High tech plan for millions of MK’s bin bags

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The city’s massive new Waste Recovery Park is almost ready to get to grips with sifting through hundreds of thousands of bags of rubbish next year.

Work is nearing completion on the exterior of the buildings in Dickens Road, Old Wolverton.

Now the focus is now on installing state-of-the-art technology – including 1.300 metres of conveyor belts – to sort and recycle rubbish from households across Milton Keynes.

The belts, together with an array of clever separating machinery, will sift through residents’ black sack rubbish and pick out any recyclable items which have accidentally been thrown away.

The mechanical treatment technology will also separate food and other biodegradable items and transfer them to an onsite anaerobic digester.

This AD technology will produce heat to use on the site and power to go to the National Grid. Any remaining waste will then go through to an advanced thermal treatment process, which in turn will create energy.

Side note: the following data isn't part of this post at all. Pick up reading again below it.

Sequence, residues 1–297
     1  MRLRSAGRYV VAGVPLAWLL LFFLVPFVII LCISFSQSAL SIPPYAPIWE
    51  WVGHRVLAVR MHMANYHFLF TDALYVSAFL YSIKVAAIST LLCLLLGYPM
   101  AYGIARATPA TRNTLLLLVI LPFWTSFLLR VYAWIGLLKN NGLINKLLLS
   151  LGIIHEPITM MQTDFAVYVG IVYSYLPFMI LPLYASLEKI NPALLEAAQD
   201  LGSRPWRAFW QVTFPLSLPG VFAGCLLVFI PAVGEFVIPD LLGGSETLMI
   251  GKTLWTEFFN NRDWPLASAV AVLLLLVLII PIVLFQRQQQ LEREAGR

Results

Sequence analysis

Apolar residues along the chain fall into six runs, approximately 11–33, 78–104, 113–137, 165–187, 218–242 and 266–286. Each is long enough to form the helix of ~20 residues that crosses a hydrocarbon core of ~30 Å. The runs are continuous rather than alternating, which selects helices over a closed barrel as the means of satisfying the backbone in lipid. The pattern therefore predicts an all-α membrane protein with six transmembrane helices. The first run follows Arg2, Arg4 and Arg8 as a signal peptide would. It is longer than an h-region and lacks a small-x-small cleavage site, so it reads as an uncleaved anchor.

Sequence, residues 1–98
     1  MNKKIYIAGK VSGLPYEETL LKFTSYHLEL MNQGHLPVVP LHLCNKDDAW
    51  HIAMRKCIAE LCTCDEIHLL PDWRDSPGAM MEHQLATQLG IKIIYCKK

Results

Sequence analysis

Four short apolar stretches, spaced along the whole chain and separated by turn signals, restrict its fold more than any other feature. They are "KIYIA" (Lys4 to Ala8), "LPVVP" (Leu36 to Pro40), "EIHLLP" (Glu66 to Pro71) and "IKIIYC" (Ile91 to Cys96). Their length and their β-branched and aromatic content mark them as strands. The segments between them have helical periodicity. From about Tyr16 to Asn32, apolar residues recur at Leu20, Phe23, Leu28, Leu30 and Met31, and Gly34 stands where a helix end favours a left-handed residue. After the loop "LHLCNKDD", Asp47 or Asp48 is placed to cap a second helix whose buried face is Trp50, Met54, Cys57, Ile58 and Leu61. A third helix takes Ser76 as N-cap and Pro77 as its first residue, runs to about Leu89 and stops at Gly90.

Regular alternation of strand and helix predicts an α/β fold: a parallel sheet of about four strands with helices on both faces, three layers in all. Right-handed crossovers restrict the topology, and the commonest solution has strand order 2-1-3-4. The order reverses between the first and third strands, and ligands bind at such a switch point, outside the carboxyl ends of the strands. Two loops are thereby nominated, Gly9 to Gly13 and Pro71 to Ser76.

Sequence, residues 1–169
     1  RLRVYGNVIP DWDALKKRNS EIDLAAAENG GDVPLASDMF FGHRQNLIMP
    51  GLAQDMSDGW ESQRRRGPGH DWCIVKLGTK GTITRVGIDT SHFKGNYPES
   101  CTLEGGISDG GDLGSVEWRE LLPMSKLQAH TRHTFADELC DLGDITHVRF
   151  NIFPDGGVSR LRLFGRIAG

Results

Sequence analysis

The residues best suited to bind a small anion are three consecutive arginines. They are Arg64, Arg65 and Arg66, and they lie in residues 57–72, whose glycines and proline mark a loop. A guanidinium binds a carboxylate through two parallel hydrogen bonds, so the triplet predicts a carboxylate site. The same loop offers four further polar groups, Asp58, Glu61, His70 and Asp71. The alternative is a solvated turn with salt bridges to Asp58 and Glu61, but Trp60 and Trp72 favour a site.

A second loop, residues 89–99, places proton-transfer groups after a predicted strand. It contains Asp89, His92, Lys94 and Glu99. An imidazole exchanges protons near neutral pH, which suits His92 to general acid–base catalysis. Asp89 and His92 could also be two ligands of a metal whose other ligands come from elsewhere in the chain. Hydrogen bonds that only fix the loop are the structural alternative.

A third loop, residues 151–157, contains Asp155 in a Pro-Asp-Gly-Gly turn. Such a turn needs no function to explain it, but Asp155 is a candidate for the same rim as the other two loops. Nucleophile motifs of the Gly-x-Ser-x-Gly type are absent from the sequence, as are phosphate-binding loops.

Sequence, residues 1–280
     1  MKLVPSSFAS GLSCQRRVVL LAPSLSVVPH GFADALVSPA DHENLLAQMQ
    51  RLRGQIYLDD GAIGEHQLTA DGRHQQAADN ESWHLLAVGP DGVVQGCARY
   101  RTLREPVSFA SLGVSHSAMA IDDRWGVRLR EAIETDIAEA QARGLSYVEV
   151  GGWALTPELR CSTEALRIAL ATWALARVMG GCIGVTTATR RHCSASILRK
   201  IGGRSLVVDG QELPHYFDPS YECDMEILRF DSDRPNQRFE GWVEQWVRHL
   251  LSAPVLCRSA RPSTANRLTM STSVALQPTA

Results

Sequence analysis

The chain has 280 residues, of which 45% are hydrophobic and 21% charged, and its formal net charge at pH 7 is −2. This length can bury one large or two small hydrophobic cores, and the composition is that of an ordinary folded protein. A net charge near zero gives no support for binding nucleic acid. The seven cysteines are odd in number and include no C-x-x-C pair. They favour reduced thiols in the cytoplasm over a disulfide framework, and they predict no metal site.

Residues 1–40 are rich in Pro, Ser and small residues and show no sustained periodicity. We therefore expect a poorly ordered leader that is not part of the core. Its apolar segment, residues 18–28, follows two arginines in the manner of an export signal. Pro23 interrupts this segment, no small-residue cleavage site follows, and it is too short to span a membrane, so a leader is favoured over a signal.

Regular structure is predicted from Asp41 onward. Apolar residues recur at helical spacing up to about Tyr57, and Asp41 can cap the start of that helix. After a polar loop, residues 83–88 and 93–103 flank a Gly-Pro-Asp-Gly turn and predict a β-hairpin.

Together, the technologies will increase the amount of recyclable materials which are removed from the waste, and diverting 95% of the waste from landfill produced by residents, say Amey, who are building the park on behalf of Milton Keynes Council.

The new facility is due to be completed in the new year. But the rigorous testing and commissioning and testing programmes it will have go through mean it will not be fully operational before September 2016.

Amey’s project manager, Peter Waller, said: “Milton Keynes Waste Recovery Park is really coming together.

“The installation of the conveyor belts and mechanical treatment technology – which will be able to handle between 120,000 and 132,000 tonnes of waste each year – is a major milestone.”